The Pros and Cons of Starting a New Career at 40
Published November 9, 2020
They say that life begins at 40. For people currently on the throughs of a mid-life crisis, this couldn’t be more true. Forty is that age where you’re still decades away from retirement but not that young to waste years doing something you don’t want to. As such, it’s perfectly understandable why upon turning 40, many people want to make drastic life changes like pursuing a new career.
There are varied reasons why people want to start fresh at 40. Some want to finally pursue their true passion. While others feel like they’re stuck in a dead-end job and the only way out is to get a new one.
Though there are advantages to starting a new career at 40, it’s not exactly a walk in the park. Especially if you still have children living with you. Or you’ve been out of the job market for far too long.
So if you’re thinking of trekking a new path at this age, it’s important to know what you’ll be facing. Here are the pros and cons of starting a new career at 40:
You Get to Go Out of Your Comfort Zone
If you’ve started your current career in your early 20’s then you’ve been doing it for almost two decades. It may have been challenging 10 or 15 years ago but now it’s nothing more than routine. You’ve grown so comfortable doing it that it doesn’t excite you anymore. In short, it has become your comfort zone.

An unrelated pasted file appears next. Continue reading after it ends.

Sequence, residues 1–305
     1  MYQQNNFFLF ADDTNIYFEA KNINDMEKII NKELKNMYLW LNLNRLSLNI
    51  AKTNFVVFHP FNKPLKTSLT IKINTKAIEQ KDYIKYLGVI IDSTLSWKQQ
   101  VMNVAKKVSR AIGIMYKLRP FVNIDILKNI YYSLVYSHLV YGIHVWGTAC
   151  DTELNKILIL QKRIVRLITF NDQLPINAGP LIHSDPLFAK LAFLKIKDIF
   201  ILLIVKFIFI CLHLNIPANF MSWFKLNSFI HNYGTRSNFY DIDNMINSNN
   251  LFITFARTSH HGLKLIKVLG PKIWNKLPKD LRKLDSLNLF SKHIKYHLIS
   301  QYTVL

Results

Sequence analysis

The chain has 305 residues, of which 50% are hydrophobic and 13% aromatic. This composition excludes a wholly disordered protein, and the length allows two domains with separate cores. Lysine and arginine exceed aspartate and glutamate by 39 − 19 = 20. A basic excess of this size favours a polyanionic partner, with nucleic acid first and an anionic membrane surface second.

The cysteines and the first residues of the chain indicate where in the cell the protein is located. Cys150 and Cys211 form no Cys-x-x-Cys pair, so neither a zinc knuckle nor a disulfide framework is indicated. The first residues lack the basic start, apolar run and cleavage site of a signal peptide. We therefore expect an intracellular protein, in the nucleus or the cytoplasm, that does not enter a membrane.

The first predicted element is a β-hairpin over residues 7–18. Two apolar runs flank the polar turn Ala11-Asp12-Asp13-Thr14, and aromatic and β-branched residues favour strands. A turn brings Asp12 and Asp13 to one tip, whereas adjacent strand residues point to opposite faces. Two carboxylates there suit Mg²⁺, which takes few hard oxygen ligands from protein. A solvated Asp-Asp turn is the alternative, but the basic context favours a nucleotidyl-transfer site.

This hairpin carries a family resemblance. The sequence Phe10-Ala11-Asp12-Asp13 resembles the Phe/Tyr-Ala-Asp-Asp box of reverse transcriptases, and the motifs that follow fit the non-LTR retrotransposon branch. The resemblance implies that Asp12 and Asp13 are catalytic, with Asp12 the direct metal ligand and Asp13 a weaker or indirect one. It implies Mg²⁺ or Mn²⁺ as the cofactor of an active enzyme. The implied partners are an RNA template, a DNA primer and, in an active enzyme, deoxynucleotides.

This is why starting a new job at 40 is also getting out of your comfort zone. Traveling through this unfamiliar path can bring new challenges. But it can also help you grow. You’ll meet new people, gain new experiences, and discover things about yourself you’ve never known before.
The Uncertainty Adds a Spice to an Otherwise Boring Existence
Yes, switching careers at this age can bring a lot of uncertainties. But that uncertainty can also add spice to an otherwise boring routine. It can make you feel alive again. You’ll finally have something to look forward to other than paydays and holidays. It gives you a new goal, something to work hard for other than bills and mortgages.
You’ll Learn Something New
If you’re someone who always welcomes new knowledge, then you’ll most likely be successful in anything you do. That includes switching to a new career at your age.
Even if you don’t go to school again, looking for a new job is a learning experience in and of itself. Plus the skills you can learn at your new job will stay with you no matter what path you decided to pursue later on.
You Still Have More Than Two Decades Before Retirement
Maybe you’re having second thoughts about pursuing a new career because you think you’re too old for it. But if you really think about it, the retirement age is 65. Therefore, you still have about 25 years to work on the new career path you’ve chosen. So, you see? It’s not too late. Others may have had several years of headstart but you still have a big chance of climbing up the ladder than if you are to change careers say in your 50’s.
Time and Experience Has Honed You